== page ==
Sarkar's theoretical framework is not only spiritual or only concerned with the material world, rather his perspective argues that the real is physical, mental and spiritual. Concomitantly, the motives for historical change are struggle with the environment (the move from the worker era to the warrior era), struggle with ideas (the move from the warrior to the intellectual), struggle with the environment and ideas (the move from the intellectual era to the capitalist eras) and the spiritual attraction of the Great, the call of the infinite. Thus physical, mental and spiritual challenges create change.

The key to Sarkar's theory of history, thus, is that there are four structures and four epochs in history. Each epoch exhibits a certain mentality, a varna. This varna is similar to the concept of episteme, to paradigm, to ideal type, to class, to stage, to era and a host of other words that have been used to describe stage theory. Sarkar, himself, alternatively uses varna and collective psychology to describe his basic concept. Collective psychology reflects group desire, social desire. There are four basic desire systems. The four varnas are historically developed. First the shudra, then the ksattriya, then the vipra, then the vaeshya. The last era is followed either by a revolution by the shudras or an evolution into the shudra era.

The order is cyclical, but there are reversals. A counter evolutionary movement or a more dramatic counter revolution which may throw an era backwards, such as a military ksattriyan leaders wresting power from a vipran-led government. Both are short-lived in terms of the natural cycle since both move counter to the natural developmental flow. But in the long run, the order must be followed.

Significantly--and this is important in terms of developing an exemplary theory of macrohistory--Sarkar does not resort to external variables to explain the transition into the next era. It is not new technologies that create a new wealthy elite that can control the vipras, rather it is a fault within the viprans themselves. Moreover, it is not that they did not meet a new challenge, or respond appropriately, as Toynbee would argue. Rather, Sarkar's reasoning is closer to Ibn Khaldun's and other classical philosophers. They create a privileged ideological world or conquer a material world, use this expansion to take care of their needs, but when changes come, they are unprepared for they themselves have degenerated. While changes are often technological (new inventions and discoveries of new resources) it is not the significant variable, rather it is the mindset of the vipran, individually and as a class, that leads to their downfall.


Embedded in his social theory is Sarkar's alternative political economy. In this project he designs his ideal theory of value. For Sarkar there are physical, intellectual and spiritual resources. Most economic theory privileges the material forgetting the intellectual and especially the infinite spiritual resources available to us. Secondly, his theory uses as its axial principle the notion of social justice, the notion of actions not for selfish pleasure but for the social good.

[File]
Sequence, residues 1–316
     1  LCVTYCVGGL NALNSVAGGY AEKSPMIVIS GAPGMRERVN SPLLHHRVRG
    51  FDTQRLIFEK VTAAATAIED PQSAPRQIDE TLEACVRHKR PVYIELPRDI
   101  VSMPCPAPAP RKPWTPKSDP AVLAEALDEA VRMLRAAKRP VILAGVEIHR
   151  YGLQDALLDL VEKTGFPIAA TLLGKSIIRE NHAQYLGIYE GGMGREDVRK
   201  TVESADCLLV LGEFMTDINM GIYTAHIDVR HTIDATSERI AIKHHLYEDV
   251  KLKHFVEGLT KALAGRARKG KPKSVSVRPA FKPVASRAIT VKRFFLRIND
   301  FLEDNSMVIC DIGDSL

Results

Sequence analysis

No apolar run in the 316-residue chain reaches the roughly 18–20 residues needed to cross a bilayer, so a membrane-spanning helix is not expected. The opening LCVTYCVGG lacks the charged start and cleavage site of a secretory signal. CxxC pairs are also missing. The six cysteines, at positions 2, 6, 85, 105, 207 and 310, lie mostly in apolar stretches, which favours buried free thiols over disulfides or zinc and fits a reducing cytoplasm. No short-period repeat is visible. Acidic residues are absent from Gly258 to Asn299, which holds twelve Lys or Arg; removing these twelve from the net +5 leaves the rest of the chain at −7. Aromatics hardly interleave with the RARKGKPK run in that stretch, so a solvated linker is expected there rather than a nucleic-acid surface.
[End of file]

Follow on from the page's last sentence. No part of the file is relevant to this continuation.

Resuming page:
Society is perceived not as an aggregate of self-contained individuals nor as a mass collectivity designed for the commune, but rather as a family moving together on a journey through social time and space. Within the family model there is hierarchy and there is unity. Newly created wealth is used to give incentives to those who are actualizing their self, either through physical, intellectual or spiritual labor, and is used to maintain and increase basic needs--food, clothing, housing, education and medical care. Employment, while guaranteed, still requires effort, since central to Sarkar's metaphysics is that struggle is the essence of life. It is challenge that propels humans, collectively and individually, towards new levels of physical wealth, intellectual understanding and spiritual realization. Sarkar speaks of incentives not in terms of cash, but in terms of resources that can lead to more wealth.

Finally, Sarkar would place limits on personal income and land holdings for the world physical resources are limited and the universe cannot be owned by any individual since it is nested in a higher consciousness, the Supreme Consciousness."



of his social and political philosophy:

P.R. Sarkar's Law of Social Cycle


"The concept of Varna describes four main socio-psychological types, whereby human psychological and physical endowment and social motivations are expressed: the Vipra (intellectual), Kshatriya (warrior), Vaishya (acquisitor) and Shudra (labourer). Varna, in Sarkar's perspective, however is more than just a psychological trait but rather an archetype, approximately to Michel Foucault's notion of epistemes, which are broader frameworks of knowledge defining what is true and real.[14]